When a group of farmers, landowners, and residents first me in Mendota to oppose a powerline from Spenser, Iowa to Channahon, Illinois, it was acknowledged more proposed eminent domain projects are coming.   That was some prophetic advice.  More people are coming seeking easements through farmland for their personal gain.  Not only actual utility companies but more venture capital projects who see the cost of obtaining easements through farmland and flipping the projects to the highest bidder as a quick dollar.  The Rock Island Clean Line was just the beginning of venture capital speculation projects seeking eminent domain throughout the Midwest.    Meet the Great LakesBasin Railroad, the new speculation project that wants eminent domain authority to build its project. 

Frank Patton is a retired banking software saleman.   He wants to build a railroad through northwestern Indiana into Illinois.  To the best of knowledge, he has never ran a railroad or been employed by an existing railroad beyond his grandchildren's Thomas-The-Train Set.  The railroad would hook through the center of Illinois and cross the Illinois River at Seneca.  The Railroad would meander up to Earlville where it would shoot north and proceed up to Wisconsin at about Janesville.    The estimated cost of this shortline railroad would be about $8 billion. 

So who is funding this shortline railroad? 
Not Union Pacific

Frank Patton will not tell the public who his financial backers are.  Maybe he has $20 billion in his 401k and wants to create an eight billion dollar railroad.    Seriously, Who has 8 billion sitting around to invest in a startup shorline railroad?  There are only a handful of people in America with that kind of money.  More likely he is just a front man for someone else’s money.  So who are his investors? Your speculation is as good as anyone’s?   Could it be Warren Buffet?  Doubtful.  He already owns a railroad.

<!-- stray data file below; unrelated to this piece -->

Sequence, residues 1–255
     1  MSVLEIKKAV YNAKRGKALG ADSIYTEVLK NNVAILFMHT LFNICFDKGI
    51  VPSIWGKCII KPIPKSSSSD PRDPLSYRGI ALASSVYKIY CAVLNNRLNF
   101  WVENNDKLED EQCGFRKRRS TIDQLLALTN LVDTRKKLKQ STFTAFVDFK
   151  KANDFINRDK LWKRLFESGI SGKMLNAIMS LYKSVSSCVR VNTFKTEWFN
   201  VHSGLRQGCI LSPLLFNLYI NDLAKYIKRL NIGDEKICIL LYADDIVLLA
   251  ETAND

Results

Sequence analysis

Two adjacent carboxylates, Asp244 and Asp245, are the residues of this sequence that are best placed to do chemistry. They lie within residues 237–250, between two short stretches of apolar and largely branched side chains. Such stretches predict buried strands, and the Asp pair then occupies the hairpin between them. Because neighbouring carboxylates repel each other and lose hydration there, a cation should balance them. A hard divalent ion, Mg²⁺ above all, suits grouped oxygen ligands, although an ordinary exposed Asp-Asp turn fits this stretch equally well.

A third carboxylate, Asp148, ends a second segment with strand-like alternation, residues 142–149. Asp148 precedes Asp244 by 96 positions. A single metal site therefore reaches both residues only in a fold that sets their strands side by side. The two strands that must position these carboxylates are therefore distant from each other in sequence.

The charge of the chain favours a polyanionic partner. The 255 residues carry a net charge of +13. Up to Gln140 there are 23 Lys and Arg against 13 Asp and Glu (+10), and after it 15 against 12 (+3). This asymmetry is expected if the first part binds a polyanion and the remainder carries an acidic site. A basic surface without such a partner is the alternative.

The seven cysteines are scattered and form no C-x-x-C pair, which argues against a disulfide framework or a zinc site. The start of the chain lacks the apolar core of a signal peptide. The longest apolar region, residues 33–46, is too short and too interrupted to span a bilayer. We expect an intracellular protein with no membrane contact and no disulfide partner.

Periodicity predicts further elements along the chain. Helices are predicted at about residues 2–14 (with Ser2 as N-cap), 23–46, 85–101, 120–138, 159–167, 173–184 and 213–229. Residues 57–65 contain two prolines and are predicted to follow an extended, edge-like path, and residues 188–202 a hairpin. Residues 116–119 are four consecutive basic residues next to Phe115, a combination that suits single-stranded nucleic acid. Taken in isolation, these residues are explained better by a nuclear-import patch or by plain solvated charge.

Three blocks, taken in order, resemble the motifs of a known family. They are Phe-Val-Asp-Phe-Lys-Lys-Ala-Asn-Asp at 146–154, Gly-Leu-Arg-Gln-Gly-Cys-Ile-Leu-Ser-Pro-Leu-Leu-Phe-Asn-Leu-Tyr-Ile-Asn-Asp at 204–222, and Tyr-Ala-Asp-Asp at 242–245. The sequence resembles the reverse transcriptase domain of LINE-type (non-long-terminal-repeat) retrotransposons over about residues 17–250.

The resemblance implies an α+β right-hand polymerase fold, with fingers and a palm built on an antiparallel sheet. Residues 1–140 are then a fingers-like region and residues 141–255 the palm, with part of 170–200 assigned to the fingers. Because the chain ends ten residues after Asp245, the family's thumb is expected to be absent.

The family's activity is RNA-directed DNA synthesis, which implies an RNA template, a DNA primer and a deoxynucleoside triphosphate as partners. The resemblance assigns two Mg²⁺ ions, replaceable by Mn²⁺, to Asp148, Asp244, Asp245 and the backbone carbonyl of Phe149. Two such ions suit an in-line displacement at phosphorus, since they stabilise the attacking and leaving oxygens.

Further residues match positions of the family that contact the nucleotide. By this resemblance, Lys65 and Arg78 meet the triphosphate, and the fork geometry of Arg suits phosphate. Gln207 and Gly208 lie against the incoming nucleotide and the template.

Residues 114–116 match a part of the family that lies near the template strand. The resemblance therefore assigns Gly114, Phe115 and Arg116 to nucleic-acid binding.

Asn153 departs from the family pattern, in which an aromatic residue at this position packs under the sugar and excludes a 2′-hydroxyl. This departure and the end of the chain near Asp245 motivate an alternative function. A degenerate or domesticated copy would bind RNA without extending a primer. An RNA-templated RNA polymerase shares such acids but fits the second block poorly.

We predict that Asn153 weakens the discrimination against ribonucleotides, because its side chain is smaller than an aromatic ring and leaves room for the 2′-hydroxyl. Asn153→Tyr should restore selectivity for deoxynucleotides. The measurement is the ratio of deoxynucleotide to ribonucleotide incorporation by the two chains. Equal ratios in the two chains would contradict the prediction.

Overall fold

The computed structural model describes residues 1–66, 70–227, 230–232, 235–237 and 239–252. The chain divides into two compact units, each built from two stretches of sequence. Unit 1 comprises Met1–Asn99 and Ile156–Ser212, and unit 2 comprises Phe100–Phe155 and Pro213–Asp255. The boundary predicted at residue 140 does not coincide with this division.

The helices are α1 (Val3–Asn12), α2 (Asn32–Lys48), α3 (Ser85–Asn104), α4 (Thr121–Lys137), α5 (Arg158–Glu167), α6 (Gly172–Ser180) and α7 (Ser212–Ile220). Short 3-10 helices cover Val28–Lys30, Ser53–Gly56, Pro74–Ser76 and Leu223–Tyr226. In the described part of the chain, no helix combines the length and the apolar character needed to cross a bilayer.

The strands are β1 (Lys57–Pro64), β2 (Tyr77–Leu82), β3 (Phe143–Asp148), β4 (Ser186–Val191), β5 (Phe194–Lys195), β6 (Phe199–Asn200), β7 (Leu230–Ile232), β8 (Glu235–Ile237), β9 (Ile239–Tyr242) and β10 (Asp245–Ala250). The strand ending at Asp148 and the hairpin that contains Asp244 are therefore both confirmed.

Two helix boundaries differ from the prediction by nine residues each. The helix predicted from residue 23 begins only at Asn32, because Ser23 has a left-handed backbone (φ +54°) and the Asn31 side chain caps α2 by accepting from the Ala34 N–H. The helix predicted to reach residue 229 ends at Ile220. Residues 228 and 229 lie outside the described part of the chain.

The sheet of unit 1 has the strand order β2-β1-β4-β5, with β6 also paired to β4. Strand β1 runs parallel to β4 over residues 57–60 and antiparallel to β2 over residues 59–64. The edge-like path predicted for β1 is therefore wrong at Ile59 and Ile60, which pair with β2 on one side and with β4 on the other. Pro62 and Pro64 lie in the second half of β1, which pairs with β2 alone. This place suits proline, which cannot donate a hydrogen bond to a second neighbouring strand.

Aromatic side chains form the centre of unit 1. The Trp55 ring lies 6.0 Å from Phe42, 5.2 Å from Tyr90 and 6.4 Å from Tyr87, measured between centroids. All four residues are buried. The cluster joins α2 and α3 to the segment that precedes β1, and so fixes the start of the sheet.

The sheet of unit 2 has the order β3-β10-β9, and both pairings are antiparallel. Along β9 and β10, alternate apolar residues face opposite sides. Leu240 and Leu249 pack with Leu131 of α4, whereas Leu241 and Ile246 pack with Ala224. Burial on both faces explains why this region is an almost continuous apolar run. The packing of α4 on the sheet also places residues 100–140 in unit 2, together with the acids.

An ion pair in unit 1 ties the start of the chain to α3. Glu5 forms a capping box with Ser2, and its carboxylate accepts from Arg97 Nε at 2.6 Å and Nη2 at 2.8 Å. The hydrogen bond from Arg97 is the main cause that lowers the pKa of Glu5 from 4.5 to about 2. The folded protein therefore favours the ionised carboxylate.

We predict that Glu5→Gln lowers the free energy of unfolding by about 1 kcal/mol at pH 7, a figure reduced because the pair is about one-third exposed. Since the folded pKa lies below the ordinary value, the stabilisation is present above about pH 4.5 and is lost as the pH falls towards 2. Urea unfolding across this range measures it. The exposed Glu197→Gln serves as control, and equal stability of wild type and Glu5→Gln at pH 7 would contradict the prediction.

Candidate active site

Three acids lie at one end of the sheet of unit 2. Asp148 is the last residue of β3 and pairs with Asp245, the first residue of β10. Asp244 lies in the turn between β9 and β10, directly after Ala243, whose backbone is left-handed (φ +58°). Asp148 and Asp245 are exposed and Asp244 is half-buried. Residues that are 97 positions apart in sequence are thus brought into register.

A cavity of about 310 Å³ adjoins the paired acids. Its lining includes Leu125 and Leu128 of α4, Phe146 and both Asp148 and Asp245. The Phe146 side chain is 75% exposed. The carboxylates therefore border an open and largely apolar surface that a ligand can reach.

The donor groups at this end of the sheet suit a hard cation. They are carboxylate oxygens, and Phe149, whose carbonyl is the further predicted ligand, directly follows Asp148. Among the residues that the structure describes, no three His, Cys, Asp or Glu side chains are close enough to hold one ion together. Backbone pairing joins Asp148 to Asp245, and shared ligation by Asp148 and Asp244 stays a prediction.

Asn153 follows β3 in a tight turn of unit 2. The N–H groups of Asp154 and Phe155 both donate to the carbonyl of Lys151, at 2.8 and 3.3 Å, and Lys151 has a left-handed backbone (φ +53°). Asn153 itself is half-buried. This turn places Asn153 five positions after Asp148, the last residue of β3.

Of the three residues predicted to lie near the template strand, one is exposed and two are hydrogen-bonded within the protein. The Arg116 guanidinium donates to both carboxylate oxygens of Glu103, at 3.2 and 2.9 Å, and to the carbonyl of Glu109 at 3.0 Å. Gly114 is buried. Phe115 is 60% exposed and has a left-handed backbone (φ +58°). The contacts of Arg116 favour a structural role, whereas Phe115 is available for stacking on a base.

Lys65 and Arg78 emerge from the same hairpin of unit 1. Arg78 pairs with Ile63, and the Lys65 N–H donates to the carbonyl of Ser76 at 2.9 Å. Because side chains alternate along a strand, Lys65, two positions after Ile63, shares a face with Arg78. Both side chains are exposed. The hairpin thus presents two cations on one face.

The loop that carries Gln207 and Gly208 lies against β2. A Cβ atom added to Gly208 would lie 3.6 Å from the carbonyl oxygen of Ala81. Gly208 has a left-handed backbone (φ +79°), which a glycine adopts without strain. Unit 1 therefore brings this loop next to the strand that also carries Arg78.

Could it be George Soros? 
Could it be Michael Zilkha? 

Only Frank Patton knows who his friend is and he isn’t talking, at least to the public.  It wouldn’t be surprising if behind closed doors Frank Patton discloses the names of his partners to government officials to look impressive but so far Frank Patton only says he has help.

If Frank Patton, a retired banking software salesman, is just a friendly face for other people who will own and operate this railroad, he’s just as much a strawman.  In all likelihood, eminent domain will be involved.  Homes will be possessed and demolished.  Affected residents deserve the right to know who will be taking control of their private property.

Then there is the fact that Frank Patton’s has been building his railroad since 2013.  Again, in all likelihood eminent domain will be used to acquire these properties.  Just like other speculation projects, Great Lakes Basin Railroad (GLBRR) has been working with and talking to federal, state, and local.  There have been stories going back to 2013 that Patton has been “developing” this eminent domain project.  Yet, landowners have not been notified.   The Department of Transportation’s Surface Transportation Board has environmental scoping meeting scheduled in Illinois for next month yet affected communities are largely just finding out about this project.